Questions have arisen in the wake of the recent gang-related murder of a Louisville teen. LMPD officials talk about the issue as if it’s to be expected, while those whose neighborhoods bear the brunt think it’s time to admit the problem is far more than average.
This week’s cover story features Marvin Francis, who took up art after he was incarcerated for a horrific 1986 murder. One school of thought would say shun the man entirely; another would say life must go on and demand that we look for the good in everyone. Either way, this is a story that will challenge us. There’s no forgetting the brutal truth about what Francis did, but there’s also no overlooking the fact that he’s trying to do something constructive. Surely there’s a lesson here for all of us. —Cary Stemle
Kentucky Theater Project leaves namesakeKentucky Theater Project, the nonprofit arts group that operates out of The Kentucky Theater on Fourth Street, will end its association with the venue Thursday. The group has operated the theater since April 2000; the facility, which is owned by SLS Management LLC, is independent of KTP.
I often hear complaints that people do not view or buy visual art during the holidays. There seems to be just too little daylight available; hours and sanity vanish as you fight with other stressed-out consumers over the latest must-have toy. Take a deep breath, exhale and focus. Now see if you can make the time to visit a museum, gallery, store or holiday art event. Remember what we celebrate during this time of year and let art help you put the spiritual back in your life.
The finish line: The public has no say when proposed zoning changes reach the Metro Council. Should it?
Stephen T. Porter is a real estate lawyer who also happens to live in the Tucker Station neighborhood, in the southeastern portion of Louisville Metro, where a group of 12 houses will be replaced in due time with a 282-acre industrial park, though the development was challenged by a lawsuit Porter filed on behalf of the neighborhood association, which is basically how this story begins.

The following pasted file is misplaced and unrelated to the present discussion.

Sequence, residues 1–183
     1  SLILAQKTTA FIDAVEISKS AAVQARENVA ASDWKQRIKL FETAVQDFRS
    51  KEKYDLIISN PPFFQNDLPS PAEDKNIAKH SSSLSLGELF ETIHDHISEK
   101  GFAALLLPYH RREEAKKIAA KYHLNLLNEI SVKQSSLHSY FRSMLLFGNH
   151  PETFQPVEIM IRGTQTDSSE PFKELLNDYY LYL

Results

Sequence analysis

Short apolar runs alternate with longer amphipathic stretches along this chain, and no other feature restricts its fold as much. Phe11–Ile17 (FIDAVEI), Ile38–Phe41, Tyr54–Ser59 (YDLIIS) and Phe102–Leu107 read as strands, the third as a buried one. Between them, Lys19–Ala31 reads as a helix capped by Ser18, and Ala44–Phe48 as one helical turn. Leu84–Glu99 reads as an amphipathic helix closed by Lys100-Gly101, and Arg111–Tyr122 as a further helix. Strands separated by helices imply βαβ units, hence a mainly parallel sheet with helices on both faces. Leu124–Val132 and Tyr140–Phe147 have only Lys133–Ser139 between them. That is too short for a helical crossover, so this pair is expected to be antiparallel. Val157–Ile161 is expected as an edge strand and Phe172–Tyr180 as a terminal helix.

Movin’ on?Frankly, Bob Domine’s impertinence notwithstanding, there was never a question that Brian Brohm would return for his senior season. The pertinent query is which of U of L’s other two stars is likely to move early to the next level? Most speculation has been about Heisman-quality multi-purpose back Michael Bush. How does his insurance policy read?
In terms of real life, Gina Santoro is a single mother of two who lives in a trailer park in Fairdale. She says the park is decent — “not nasty, dirty, anything like that” — and is her most reasonably priced living situation given immediate circumstance, which isn’t even close to downtrodden, although she can’t quite make the average rent for a house in her slice of South Louisville.
Cards fans are now asking ...
Clear Channel Communications, the media behemoth we love so for the “access” it provides us, has agreed to an $18.7 billion buyout (plus $8 billion in debt) from a private equity group co-led by Thomas H. Lee Partners and Bain Capital Partners. The need for a bailout stems from the scramble-buys in TV and radio the company made when the FCC opened the floodgates of regulation a few years back. It’s the third-largest buyout in U.S. history.
Rumor: The name game. Let’s do Shirley. Name the two teams that competed in this recent “instant classic” that was all offense all the time. Forty-one total first downs. Nine hundred yards between the squads, 317 on the ground, 583 in the air. Eighty-one points. Don’t either one of those powers know how to play D? Need another clue as to whom I’m speaking? Both teams are in the Top 10, but only one other school in their league has cracked the Top 25. No-brainer? Right! It’s Michigan and The Ohio State University. Numeros uno and deux. So, uh, riddle me this: How come the national pundits aren’t talking the same trash about the Buckeyes and Wolverines as they did after U of L-West Virginia lit up the scoreboard? Name game: Let’s do Chuck.